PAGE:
Australia: A Queensland Winter

So, this is winter in Oz. Well, to be more precise, this is winter along the QLD coastal stretch from Hervey Bay to Elliott Heads and beyond. A bit perfect really in an imperfect country that’s wracked by joyless covid lockdowns and a slow vaccine roll-out.

Still, we’ve been able to travel freely, and on this 3 week camper trailer trip, we booked camp sites on the run, soaked up blue skies and day temps that nudged 23, walked, cycled and hiked to our heart’s content. Nothing, absolutely nothing though is taken for granted, because as we’ve seen, things fall apart ever so quickly.

We made Hervey Bay our first stop.  This town has certainly come into its own and makes an excellent camping destination. The Pialba Tourist Park set on the beach is in easy walking distance along the very pretty esplanade to cafes, restaurants and parks (loads of parks – children are well catered for).

As good as a Pialba campsite gets
Hervey Bay Esplanade – 17 kms long – walk or cycle on the excellent track that runs alongside the beach
Walk to Vernon Point – 8 kms return with the promise of burgers and beers at Hervey Bay Hotel

From Hervey Bay, we drove to Elliott Heads, stopping briefly at the town of Howard. Here, there’s a popular pub, an equally popular bakery that churns out delicious pies, a drapery store that delights sewers and quilters and a little bit of history thrown in for good measure. Andrew Fisher, Australia’s PM through World War 1 lived and worked as a coal miner here in Howard.

Old style store with umpteen bolts of fabric. Caved in and bought a couple of 70s flannos – yep, if you’re going to sit around a camp fire, best to wear a flanno!

Elliott Heads, 15 mins from Bundaberg is a town that has just one convenience store and one bowls club, so the focus is very much on walking, cycling, swimming, relaxing.

Stunning Elliott Heads beach with Dr May’s Island on the right. The island is closed Sept 1 to April 30 each year so rare birds from Siberia/Arctic Circle can rest and breed.
Rock pools
Nice set up at EH Holiday Park.

Changes are afoot though in this 1000 strong town. The winds of development are howling with the proposal of 3200 home sites and locals are understandably white, hot furious knowing their idyllic lifestyle will be ruptured. Read about it here

From Elliott Heads, we drove to Woodgate (see feature photo), a town to which we will most definitely return. Its laid back, easy going charm hooked us from the start as did its 12 kms of sand and tracks on which to cycle.

NRMA Woodgate cafe
Banksia walking track in the National Park – an easy, flat 5.5 kms during controlled burning season
Such an Aussie thing – thong tree at Walkers Point, a short drive from Woodgate. Across the river is the very cute town of Burrum Heads.

A 30 minute drive from Woodgate is Childers, a town full to the brim with heritage listed buildings.

Federal Hotel with its swinging doors and on the left, the art deco Paragon Theatre
Once a bank
The Palace Hotel, 20 years after a deliberately lit fire killed 15 backpackers. Impossible to forget, the top floor is now a memorial to these young people.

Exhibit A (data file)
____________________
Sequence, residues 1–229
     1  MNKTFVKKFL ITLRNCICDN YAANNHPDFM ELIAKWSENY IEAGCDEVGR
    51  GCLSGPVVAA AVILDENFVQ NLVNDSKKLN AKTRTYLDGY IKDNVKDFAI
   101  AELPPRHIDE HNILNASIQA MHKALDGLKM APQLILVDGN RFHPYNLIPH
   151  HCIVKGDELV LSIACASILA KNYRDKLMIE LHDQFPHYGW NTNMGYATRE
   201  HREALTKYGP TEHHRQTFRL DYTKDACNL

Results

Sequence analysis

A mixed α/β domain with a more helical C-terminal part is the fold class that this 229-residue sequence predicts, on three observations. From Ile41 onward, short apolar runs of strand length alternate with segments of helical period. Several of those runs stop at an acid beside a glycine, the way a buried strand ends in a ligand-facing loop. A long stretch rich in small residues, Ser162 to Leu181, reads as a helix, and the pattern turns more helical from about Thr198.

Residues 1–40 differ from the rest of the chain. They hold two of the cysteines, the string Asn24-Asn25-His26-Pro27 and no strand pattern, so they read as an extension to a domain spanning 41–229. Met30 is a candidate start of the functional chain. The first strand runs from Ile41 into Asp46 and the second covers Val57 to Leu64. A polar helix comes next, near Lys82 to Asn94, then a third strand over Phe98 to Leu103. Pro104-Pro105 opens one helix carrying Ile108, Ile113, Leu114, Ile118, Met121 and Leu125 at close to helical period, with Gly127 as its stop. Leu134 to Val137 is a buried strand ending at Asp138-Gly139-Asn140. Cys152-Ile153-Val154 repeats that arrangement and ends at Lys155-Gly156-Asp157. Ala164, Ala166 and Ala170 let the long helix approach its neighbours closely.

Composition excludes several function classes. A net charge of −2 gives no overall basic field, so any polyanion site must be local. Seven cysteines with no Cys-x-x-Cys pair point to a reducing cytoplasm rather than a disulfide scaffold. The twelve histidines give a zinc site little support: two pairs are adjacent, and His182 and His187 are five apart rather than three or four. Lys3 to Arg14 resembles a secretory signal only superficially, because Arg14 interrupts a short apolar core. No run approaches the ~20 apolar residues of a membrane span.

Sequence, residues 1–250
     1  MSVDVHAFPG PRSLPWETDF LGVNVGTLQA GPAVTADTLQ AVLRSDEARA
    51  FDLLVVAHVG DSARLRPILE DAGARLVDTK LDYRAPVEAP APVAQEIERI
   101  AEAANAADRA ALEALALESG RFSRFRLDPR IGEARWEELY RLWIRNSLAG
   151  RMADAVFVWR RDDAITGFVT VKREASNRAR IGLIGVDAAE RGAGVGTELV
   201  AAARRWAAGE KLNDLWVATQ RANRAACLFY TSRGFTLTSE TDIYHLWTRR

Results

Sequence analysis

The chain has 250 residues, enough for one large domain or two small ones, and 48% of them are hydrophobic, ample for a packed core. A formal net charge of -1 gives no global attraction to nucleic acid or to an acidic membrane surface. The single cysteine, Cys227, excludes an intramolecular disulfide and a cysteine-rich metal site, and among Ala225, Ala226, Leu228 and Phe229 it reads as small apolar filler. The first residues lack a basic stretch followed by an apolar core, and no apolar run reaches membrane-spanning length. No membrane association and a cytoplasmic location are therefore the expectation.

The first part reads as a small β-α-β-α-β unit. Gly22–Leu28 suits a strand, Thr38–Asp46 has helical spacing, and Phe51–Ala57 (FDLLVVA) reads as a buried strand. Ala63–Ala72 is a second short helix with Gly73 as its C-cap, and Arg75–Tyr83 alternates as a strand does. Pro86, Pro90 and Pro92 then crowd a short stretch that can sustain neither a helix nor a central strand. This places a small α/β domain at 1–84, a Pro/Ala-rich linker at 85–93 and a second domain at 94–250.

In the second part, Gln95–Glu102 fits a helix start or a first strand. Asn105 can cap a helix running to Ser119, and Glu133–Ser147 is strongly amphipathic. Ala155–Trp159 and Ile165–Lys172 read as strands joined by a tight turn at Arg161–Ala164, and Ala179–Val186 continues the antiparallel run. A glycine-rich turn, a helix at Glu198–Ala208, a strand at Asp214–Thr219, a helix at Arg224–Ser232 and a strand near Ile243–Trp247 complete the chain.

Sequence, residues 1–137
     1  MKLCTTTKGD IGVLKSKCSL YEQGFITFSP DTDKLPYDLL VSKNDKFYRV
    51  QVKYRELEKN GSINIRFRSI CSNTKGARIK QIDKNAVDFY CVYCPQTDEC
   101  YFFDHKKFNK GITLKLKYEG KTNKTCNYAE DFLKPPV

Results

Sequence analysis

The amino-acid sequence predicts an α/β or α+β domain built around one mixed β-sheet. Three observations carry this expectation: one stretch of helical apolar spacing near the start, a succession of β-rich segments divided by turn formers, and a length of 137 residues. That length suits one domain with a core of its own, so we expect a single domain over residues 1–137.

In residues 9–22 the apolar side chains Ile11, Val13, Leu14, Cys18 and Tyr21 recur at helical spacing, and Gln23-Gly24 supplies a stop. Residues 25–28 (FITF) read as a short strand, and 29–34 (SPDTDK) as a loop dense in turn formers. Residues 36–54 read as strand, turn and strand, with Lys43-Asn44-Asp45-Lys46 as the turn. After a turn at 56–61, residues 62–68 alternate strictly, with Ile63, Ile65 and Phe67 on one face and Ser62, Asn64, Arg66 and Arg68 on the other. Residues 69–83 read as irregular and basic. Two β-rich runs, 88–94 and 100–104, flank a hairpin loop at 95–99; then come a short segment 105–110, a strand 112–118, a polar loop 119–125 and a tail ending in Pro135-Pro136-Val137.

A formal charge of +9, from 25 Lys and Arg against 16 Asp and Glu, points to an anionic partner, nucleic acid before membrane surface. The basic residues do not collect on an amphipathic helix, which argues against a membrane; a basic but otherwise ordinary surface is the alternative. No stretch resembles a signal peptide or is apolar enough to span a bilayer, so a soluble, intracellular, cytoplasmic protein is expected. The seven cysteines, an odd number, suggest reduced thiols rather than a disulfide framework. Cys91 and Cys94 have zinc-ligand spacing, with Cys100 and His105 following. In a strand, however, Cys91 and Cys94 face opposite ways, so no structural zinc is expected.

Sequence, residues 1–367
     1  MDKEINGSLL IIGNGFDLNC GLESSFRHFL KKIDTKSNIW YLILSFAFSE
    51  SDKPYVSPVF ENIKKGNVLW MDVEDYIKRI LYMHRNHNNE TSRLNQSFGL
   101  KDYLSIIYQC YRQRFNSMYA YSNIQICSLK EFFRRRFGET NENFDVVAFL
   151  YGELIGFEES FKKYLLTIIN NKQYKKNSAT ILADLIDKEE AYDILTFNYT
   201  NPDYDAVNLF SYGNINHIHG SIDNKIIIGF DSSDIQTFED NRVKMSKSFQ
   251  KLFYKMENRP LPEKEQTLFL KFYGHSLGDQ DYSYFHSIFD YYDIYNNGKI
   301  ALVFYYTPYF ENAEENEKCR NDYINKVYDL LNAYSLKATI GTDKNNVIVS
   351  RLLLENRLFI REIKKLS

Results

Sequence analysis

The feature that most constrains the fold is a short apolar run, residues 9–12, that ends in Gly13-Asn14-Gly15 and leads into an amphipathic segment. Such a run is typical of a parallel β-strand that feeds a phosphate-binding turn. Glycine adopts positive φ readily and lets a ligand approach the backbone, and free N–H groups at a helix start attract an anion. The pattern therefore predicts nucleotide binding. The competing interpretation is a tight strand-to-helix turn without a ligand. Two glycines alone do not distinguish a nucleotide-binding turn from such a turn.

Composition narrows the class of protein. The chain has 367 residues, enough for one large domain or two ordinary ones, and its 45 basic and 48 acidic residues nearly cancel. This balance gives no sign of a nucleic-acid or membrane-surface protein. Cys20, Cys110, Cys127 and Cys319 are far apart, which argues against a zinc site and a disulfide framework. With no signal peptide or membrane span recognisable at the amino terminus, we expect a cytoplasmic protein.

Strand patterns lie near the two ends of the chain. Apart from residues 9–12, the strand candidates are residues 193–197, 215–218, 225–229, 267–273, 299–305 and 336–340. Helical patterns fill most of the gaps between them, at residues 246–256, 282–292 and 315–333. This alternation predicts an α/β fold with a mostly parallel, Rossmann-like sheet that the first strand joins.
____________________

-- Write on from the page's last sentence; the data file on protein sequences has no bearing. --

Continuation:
Fabulous family owned museum heaving with war memorabilia and loads of other interesting things
Agriculture rules here- sugar cane, macadamias, avocados and tomatoes

We mixed up our camping experiences by using FB’s countrypubcamping which led us to Tiaro and Theebine. We couldn’t have been more pleased with our pub choices.

Hideaway Hotel Tiaro – good chatting to locals over drinks and substantial pub grub dinner. Free camping across the road.
Mary River views @ Tiaro
Lots to like at Theebine Hotel’s music/BBQ Sunday afternoon. 27 degree summer temps in winter sure helped our 2 days fly by as did the friendly owner and fellow campers. Will definitely return.
A few kms from Theebine – Dickabram Bridge built in 1886 – 23 m high across Mary River

Still wanting to mix up the camping, we headed to Mothar Mt near Gympie for some bush camping. Cobb and Co Nine Mile Camping is set on 50 acres and with lockdowns in place, there were few campers and plenty of space.

Making the cut-camp fire, camp dinner, wine, kangaroos, starry starry night
Mothar Mt rock pools

In signs of a changing covid world, at dusk on our first night at Mothar Mt, police paid a visit to our campsite to check we hadn’t breached lockdown conditions. After a quick look at our QR check ins, a long chat and wistful looks at our set up, they headed off.

On another note, Victorian number plates dominate camping grounds and naturally there’s considerable talk of the ‘best’ way to return home through locked down NSW. The Newell Highway appears to be the designated corridor, but with just 24 hrs to travel through the state and only fuel stops allowed, it’s destined to be a hard gig for travellers, some of whom are elderly, towing large caravans and have dogs on board.

We’ve been lucky; the last few weeks have given way to travel that too easily bends to whims, last minute decisions and a wonderful sense of freedom. Appetites are whetted, further destinations dangle like carrots; tantalisingly tempting.

For now though, we’re headed home to get double shotted with astrazeneca. Stay safe everyone.

5 thoughts on “Australia: A Queensland Winter

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